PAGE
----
To create the tables required for TMG SQL logging, click on File from the SQL Management Studio drop-down list and choose Open, and then File. Open fwsrv.sql, and to ensure that the tables are created in the correct database, place the following commands at the beginning of the script.
Now click Execute or simply press F5 to run the script. Repeat this process with the w3proxy.sql SQL script file.
To create a login for the TMG firewall to use to upload data to the database, open a new query window and execute the following commands.
create login tmgsqlsrv with password='<password>.’, default_database=tmglogs
Next create a SQL user for the login by executing the following commands.
create user tmgsqlsrv for login tmgsqlsrv
The TMG firewall requires only the privilege to read and write to the database. Those permissions can be assigned to the SQL login used by TMG by executing the following commands.
exec sp_addrolemember ‘db_datareader’, ‘tmgsqlsrv’
exec sp_addrolemember ‘db_datawriter’, ‘tmgsqlsrv’
Finally, the TMG SQL login will need permission to execute two stored procedures. Permission to execute these store procedures can be granted by issuing the following commands.
grant execute on sp_batch_insert to tmgsqlsrv
grant execute on sp_batch_discard to tmgsqlsrv
Configure Forefront TMG for Remote SQL Logging
To configure TMG to send log data to our remote SQL server in Azure, open the TMG management console, right-click the Firewall Policy node in the navigation tree and choose All Tasks, System Policy, and Edit System Policy. Scroll down to the Logging group and highlight Remote Logging (SQL). On the General tab select the option to enable the configuration group.
Select the To tab, highlight the Internal network, and then click Remove. Now click Add, expand Networks, highlight External, and click Add and then Close.
I’ve chosen to grant access to the external network for the sake of simplicity. For an actual production environment, this access is much too broad. It would be better to restrict access to a single IPv4 address. However, IP addresses are dynamically assigned in Azure, by default. It is possible to configure a static IP address assignment for the Azure cloud service. For more details, click here.
The system policy has been configured to allow remote SQL logging, highlight Logs & Reports in the navigation tree and in the Tasks pane click Configure Firewall Logging. Select SQL Database and then click Options.
For the Database Connection Parameters enter the cloud service DNS name for the SQL server and enter the name of the database. If you want to encrypt SQL server communication between the TMG firewall and the remote SQL server, leave the option to Force data encryption checked. Enabling this option requires additional configuration on the SQL server, however. For more information, click here.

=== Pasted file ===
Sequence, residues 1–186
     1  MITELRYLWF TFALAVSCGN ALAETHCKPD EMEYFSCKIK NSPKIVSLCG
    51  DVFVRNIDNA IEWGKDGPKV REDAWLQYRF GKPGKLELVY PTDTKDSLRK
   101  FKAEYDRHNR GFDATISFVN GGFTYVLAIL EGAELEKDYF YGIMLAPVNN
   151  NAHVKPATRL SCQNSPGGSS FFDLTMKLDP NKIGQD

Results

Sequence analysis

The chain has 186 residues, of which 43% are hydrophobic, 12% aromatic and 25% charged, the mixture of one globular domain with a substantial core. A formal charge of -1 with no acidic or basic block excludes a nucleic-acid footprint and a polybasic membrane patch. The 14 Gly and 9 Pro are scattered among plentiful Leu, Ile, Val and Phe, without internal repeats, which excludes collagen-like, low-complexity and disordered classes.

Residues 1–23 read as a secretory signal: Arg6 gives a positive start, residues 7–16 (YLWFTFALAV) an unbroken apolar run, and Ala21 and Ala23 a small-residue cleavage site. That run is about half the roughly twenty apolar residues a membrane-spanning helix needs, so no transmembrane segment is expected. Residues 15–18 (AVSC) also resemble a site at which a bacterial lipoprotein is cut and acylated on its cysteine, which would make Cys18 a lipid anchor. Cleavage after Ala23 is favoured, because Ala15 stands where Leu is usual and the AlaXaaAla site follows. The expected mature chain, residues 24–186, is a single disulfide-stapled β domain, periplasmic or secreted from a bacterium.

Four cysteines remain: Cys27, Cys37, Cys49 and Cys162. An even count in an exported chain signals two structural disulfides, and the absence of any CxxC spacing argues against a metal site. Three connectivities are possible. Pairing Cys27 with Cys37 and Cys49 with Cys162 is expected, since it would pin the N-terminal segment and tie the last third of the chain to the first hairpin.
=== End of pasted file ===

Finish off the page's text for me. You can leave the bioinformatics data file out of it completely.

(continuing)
Select Use SQL server authentication and enter the SQL username and password created earlier (not the SQL admin). Clicking test should return a successful result.
Save and apply the changes, and then repeat these steps for web proxy logging. As stated previously, the native TMG reports will no longer function when using a remote SQL server. TMG will surface a warning message to remind you of this.
Verify that TMG log data is being recorded in to the remote SQL server database by opening a new SQL query window and executing the following commands.
select * from firewalllog
You’ll quickly notice that IP address information is recorded in hexadecimal format in the TMG logs. These values can easily be converted to the familiar dotted decimal notation using a SQL server function documented here.
Configuring Forefront TMG to log to a remote SQL server has several distinct advantages over logging locally, both from a security and performance perspective. It does also introduce additional complexity, and requires that you create your own reports, so this option may not be a fit for all environments. Leveraging the power of the cloud can provide additional flexibility when using SQL as a TMG log data store. At the time of this writing, Microsoft Azure supports virtual machines with up to 32 processing cores, 448 GB RAM, and 6.5TB SSD storage, and that trend is sure to continue so you should never be lacking in resources.